Due to these limitations, a team of technicians at NASA JPL decided to invent the first Martian helicopter. The endurance team determined the dimensions of the helicopter and found that a small helicopter with blades reaching a width of about 1.2 meters – or about 4 feet – could be placed in the vehicle. This ultimately dictated the weight of the helicopter, which could be, at only 1.8 kilograms or about 4 pounds. Creating such a small vehicle with electronics is just something that could happen today, says Aung. “Decades ago, light electronics technology – computers, sensors, cameras, gyroscopes – were not all available,” he says.
The final form of the helicopter looks like a long-legged spider with a complicated head. The main body of the Ingenuity is a box with four protruding limbs that keep the vehicle upright on the ground. At the top are mounted four carbon fiber blades and a solar panel for energy production. These blades are designed to rotate up to 2,400 revolutions per minute – or 40 times per second. The blades of a typical ground helicopter spin at a speed of approximately 450 to 500 revolutions per minute. However, Ingenuity knives should not exceed the speed of sound and reach less than Mach 0.7.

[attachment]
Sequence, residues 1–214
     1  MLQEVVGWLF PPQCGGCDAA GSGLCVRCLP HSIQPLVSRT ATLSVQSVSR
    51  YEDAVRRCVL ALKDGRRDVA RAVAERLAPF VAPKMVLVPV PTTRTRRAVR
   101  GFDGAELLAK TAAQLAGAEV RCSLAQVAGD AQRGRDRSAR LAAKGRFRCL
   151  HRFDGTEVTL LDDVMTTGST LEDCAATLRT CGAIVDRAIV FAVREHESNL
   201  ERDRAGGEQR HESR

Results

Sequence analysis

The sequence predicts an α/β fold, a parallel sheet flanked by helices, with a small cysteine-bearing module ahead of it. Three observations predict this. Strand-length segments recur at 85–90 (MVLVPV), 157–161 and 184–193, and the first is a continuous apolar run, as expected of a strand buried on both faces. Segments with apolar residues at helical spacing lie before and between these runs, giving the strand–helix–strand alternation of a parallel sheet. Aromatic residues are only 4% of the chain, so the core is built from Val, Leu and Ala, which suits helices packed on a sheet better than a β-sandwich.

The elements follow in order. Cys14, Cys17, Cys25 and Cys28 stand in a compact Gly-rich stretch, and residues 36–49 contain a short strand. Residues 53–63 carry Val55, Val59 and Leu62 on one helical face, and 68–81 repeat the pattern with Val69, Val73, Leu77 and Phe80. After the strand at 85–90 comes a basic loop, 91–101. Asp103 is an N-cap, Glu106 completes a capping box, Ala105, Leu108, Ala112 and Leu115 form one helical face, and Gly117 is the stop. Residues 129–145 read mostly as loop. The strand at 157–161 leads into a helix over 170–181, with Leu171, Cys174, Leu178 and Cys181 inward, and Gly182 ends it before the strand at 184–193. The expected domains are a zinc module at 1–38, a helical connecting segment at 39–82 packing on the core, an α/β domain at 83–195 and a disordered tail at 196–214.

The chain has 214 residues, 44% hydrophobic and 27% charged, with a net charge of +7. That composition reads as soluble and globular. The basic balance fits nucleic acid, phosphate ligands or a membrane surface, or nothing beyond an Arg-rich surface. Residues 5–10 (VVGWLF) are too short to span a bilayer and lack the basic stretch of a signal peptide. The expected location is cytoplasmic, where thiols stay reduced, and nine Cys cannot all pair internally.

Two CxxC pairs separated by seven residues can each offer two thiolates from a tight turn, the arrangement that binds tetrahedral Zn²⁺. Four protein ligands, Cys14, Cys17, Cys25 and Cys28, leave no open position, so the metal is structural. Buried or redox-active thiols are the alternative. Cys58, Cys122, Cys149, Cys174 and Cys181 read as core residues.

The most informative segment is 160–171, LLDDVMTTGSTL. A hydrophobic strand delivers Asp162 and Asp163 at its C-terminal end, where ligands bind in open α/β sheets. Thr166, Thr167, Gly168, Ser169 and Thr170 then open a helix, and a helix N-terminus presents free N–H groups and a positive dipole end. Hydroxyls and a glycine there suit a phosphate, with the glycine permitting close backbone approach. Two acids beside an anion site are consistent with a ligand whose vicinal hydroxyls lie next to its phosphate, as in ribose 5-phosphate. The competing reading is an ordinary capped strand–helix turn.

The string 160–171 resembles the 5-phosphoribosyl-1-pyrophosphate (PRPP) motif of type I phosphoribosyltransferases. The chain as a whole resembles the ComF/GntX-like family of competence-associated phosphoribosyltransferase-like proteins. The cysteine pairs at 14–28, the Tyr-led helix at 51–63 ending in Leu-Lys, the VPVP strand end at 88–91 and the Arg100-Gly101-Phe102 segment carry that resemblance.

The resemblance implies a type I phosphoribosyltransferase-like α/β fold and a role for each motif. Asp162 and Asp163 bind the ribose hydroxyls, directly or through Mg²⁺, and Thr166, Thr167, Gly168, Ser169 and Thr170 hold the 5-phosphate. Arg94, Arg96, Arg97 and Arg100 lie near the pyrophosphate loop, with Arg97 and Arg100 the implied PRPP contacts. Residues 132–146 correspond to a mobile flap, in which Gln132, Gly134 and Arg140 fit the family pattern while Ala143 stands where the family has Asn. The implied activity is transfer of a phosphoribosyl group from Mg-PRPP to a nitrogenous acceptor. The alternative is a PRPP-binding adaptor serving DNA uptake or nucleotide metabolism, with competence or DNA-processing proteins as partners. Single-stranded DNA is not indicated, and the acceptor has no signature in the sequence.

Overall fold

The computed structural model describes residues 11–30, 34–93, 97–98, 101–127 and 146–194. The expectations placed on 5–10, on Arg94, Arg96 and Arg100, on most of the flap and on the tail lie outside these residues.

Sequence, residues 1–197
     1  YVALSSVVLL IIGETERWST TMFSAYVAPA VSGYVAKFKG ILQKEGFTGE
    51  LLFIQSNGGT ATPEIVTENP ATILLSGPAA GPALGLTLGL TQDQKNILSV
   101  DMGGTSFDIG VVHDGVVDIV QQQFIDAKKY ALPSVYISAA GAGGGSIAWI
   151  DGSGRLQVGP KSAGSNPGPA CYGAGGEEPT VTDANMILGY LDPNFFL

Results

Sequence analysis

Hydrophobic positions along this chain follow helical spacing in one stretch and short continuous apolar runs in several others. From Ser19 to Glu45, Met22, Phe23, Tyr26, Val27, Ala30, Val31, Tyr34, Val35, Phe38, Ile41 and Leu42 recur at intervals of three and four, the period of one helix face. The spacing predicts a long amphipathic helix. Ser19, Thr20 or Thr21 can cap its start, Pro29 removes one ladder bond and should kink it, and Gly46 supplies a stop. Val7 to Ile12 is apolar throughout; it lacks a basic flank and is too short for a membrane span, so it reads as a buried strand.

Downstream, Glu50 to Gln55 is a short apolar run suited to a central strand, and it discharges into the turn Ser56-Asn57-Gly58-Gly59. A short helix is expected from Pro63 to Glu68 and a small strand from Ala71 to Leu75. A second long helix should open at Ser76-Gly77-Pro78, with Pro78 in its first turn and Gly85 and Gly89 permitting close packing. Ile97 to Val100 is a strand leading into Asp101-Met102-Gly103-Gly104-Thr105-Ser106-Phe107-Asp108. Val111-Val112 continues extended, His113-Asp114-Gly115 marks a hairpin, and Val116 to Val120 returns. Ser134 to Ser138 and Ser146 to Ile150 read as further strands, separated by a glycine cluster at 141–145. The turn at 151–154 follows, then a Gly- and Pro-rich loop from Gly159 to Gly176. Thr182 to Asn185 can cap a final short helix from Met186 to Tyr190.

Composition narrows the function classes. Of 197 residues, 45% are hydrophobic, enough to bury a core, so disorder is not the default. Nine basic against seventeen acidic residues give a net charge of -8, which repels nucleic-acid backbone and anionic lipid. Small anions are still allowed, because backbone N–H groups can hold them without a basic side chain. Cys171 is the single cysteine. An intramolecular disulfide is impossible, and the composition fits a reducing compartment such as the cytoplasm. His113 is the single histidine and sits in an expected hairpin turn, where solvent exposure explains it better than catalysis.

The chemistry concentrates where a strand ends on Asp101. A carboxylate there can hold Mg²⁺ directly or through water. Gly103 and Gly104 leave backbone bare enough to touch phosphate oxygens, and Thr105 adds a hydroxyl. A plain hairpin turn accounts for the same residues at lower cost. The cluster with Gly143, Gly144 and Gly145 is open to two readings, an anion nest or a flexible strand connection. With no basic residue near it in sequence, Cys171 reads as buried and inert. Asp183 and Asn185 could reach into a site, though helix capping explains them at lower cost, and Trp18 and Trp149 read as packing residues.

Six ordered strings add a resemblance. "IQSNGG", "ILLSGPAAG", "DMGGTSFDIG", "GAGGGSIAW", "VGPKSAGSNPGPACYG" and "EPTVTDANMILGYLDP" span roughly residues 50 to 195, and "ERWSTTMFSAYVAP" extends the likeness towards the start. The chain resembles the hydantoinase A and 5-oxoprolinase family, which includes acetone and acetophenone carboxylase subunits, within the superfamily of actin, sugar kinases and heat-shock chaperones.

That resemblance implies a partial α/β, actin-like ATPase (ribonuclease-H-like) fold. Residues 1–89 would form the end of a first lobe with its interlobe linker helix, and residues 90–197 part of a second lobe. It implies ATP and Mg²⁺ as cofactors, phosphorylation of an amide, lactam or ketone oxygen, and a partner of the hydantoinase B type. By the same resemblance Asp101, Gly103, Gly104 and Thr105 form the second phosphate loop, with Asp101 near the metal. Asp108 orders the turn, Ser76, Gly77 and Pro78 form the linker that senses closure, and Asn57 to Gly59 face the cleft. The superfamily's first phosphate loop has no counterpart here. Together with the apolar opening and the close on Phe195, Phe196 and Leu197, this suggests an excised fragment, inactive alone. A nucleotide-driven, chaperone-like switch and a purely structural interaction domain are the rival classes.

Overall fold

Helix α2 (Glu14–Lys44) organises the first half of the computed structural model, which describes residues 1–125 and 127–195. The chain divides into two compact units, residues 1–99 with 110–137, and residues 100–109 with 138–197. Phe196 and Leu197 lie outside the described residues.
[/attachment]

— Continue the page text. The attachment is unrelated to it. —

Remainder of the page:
However, building wit was only half the battle. The team had to make sure that the helicopter could actually fly in another world. “In parallel with the invention of the helicopter, it is also: ‘How do you try it? “Aung says. “Because it’s never been before.”
Fortunately, NASA’s Jet Propulsion Laboratory is equipped with huge test rooms that could be used for this work. A large chamber called the JPL Space Simulator can recreate the overall vacuum and manipulate all the extreme temperatures that a spacecraft can experience after leaving Earth. To test the wit, the engineering team turned the chamber into a Mars-like environment. “We basically took the chamber, which pumped it almost into a vacuum and filled it with carbon dioxide, so the room now contains a Mars-like atmospheric density,” says Aung.
Another challenging test remained: getting rid of the Earth’s severe gravity. To simulate the lower gravity of Mars, engineers attached a light harness to the Ingenuity prototypes each time they flew in the test chamber. The beam, called the gravitational extraction system, provided constant upward traction from the spacecraft, making it feel as if the vehicle was in 38% of Earth’s gravity.
This testing helped shape the final design of Ingenuity. During the first few flight tests, the team found that the blades on the test helicopters were constantly waving up and down. The tilting tendency also occurs in ground helicopters, because the blades are long and obliquely placed. However, a strong atmosphere dampens this effect. The thin Martian atmosphere, on the other hand, does not diminish this wave.